Emergency delivery: What to do when the baby’s coming – right now

Jenea holding her daughter Carys in the hospital.
Jenea traveling through Parkland Hospital after delivering Carys along I-30.

Every year, nearly 9,000 women in the U.S. go into labor and, unable to make it to the hospital, have an unplanned or unattended birth at home or in the car on the way to the hospital. Some of those women later make it to UT Southwestern.

My colleagues and I typically recommend that women head to the hospital to deliver when their water breaks or when contractions become regular, meaning four or five minutes apart for more than an hour. But sometimes, neither of these signs of labor occur.

That’s exactly what happened to Jenea Jones, a labor and delivery nurse who used to work at Parkland Hospital here in Dallas and had to deliver her own baby in her vehicle. Jenea shares her story below, along with some tips for what to do if you find yourself in a similar situation, either as a delivering mom or as a bystander.

Jenea’s story: I delivered my own baby on I-30

I used to work as an overnight labor and delivery nurse at Parkland Hospital. I’ve seen my share of amazing birth stories, but I never expected to star in my own!

I was about a week past my due date with my fourth baby, and I was patiently waiting to go into labor. I went about my shift, working with laboring moms and training emergency responders in labor and delivery techniques. Toward the end of my shift, I noticed that my contractions were getting a little closer together – some more frequently than those of my patients!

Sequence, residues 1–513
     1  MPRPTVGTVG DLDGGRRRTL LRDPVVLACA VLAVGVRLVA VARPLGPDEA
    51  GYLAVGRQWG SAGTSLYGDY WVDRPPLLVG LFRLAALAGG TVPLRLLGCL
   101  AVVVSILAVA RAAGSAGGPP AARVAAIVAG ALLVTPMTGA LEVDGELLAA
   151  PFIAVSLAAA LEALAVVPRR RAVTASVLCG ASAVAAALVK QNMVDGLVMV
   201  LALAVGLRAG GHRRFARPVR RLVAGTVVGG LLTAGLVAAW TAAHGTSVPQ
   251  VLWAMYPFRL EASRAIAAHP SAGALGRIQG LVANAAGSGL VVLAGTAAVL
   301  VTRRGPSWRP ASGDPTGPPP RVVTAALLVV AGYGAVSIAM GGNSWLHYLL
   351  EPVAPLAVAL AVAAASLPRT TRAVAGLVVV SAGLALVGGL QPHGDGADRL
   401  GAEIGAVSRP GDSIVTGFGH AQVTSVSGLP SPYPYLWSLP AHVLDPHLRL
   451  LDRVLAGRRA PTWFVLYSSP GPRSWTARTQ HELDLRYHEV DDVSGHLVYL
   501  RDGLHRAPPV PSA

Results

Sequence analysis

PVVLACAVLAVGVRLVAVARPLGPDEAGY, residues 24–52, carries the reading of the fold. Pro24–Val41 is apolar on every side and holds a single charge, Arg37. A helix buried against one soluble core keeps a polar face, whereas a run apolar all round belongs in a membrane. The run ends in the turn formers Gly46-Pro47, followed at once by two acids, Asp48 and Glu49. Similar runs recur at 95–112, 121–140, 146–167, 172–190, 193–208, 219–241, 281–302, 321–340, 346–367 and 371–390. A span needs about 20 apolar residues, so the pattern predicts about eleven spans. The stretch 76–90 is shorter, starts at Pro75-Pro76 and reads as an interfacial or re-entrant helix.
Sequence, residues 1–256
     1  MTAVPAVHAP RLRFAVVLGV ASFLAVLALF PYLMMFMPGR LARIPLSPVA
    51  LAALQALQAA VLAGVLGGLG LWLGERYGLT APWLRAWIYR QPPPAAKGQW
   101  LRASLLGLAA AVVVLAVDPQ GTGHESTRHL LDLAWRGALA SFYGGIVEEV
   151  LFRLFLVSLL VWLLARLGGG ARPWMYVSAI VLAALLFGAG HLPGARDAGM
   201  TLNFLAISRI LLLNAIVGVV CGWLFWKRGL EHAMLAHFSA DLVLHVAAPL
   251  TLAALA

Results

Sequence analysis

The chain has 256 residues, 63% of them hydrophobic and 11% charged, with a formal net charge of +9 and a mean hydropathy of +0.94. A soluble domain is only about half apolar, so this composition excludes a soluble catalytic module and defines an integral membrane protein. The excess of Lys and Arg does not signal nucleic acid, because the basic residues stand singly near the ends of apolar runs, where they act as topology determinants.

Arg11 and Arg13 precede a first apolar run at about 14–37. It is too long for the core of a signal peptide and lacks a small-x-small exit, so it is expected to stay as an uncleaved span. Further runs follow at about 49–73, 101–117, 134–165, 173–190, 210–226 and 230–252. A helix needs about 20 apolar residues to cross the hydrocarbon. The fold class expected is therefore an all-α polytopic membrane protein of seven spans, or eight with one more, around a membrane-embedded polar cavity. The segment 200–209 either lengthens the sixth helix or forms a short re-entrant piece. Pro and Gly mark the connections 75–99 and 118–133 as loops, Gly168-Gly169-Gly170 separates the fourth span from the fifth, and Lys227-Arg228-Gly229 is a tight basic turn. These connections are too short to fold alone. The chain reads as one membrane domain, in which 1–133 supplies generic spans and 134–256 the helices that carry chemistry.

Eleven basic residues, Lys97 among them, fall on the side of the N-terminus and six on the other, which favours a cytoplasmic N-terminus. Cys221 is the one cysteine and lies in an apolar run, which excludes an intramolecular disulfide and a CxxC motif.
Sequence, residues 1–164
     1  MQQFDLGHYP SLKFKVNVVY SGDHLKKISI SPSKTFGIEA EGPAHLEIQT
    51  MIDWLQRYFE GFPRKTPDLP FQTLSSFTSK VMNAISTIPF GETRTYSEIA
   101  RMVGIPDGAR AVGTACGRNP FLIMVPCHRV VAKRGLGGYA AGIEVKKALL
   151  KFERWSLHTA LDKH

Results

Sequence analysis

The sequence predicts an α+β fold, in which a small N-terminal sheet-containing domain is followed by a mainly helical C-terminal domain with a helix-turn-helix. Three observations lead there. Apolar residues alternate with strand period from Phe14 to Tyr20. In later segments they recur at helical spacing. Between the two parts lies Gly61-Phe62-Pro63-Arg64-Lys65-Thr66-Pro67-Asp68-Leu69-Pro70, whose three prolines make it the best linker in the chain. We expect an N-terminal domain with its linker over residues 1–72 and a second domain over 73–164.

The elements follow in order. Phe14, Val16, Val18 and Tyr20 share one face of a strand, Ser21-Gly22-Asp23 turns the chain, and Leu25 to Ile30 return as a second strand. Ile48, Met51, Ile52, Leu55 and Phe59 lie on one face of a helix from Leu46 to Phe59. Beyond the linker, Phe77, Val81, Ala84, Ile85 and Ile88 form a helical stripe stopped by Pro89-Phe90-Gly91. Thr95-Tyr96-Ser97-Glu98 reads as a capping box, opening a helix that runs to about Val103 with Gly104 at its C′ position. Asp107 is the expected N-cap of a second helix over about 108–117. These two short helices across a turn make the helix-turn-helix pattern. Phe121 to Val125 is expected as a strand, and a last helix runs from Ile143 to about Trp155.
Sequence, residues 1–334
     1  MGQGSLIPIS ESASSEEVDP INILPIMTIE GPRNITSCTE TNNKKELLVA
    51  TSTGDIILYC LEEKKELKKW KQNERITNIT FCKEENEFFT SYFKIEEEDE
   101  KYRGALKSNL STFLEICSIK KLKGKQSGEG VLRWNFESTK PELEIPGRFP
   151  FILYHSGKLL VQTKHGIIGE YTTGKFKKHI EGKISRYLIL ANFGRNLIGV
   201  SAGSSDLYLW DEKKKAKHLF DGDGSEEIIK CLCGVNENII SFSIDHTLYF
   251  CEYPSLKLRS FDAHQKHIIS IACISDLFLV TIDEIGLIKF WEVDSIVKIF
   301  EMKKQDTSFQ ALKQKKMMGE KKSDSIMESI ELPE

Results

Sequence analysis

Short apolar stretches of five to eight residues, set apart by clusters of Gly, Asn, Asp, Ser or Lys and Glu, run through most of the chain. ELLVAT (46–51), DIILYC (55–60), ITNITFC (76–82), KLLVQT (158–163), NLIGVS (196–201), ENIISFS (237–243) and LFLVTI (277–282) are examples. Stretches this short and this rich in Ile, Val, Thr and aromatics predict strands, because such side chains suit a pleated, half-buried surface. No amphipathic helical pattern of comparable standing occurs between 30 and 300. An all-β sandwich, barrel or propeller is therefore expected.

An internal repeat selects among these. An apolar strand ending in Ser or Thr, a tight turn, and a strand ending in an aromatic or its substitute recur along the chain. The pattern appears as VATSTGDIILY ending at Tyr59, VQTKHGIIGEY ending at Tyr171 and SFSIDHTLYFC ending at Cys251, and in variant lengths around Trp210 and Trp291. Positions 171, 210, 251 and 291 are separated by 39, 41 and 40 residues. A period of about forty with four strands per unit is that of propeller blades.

With my previous baby, I didn’t make it home after my shift. I went into labor at work and was admitted to the hospital right away. This time, I really wanted to go home first, then head back to the hospital when labor began. My contractions weren’t regular or intense yet, so I clocked out at the end of my shift and headed home.

Related reading: Hungry during labor? Women may now get more than ice chips

Once I got home, I ate some cereal, watched a little TV, dozed off for a bit, then took a shower. The contractions got stronger and more intense, but they were irregular and my water hadn’t broken. I decided it was time to go to the hospital when the contractions started to get a little more painful. In the car, everything was very annoying to me: the radio, the sound of my husband at the time talking on the phone, just everything. I remember thinking that was weird because I’d been coping with my contractions pretty well to that point. Then the situation got hairy. 

Most women will notice a definitive change in how pre-labor or false labor contractions feel compared to real labor contractions. The real thing typically feels more intense, more painful, and might move into the cervix, back, or another part of the body, and the change might occur too quickly to get to the hospital in time. As we drove down I-30, I began to feel rectal pressure, which usually is an indication that the baby’s head is entering the birth canal and it’s time to push. That’s when I knew we weren’t going to make it to the hospital.

We were about 20 minutes away from Parkland when I said, “We need to pull over right now – the baby’s coming.” I refused to panic, but I couldn’t help thinking how this is the kind of thing that happens on sitcoms, or to a friend of a friend, not to a labor and delivery nurse!

We pulled over along I-30 in the grass in front of a hotel and called 911. The next thing I knew, several men’s faces were peering through the windows of our vehicle. The emergency responders were there, ready to help me deliver. I started to push, and the baby – Carys – arrived soon thereafter, but she was in trouble. The umbilical cord was wrapped twice around her neck, membranes covered her face, and she was pale and limp.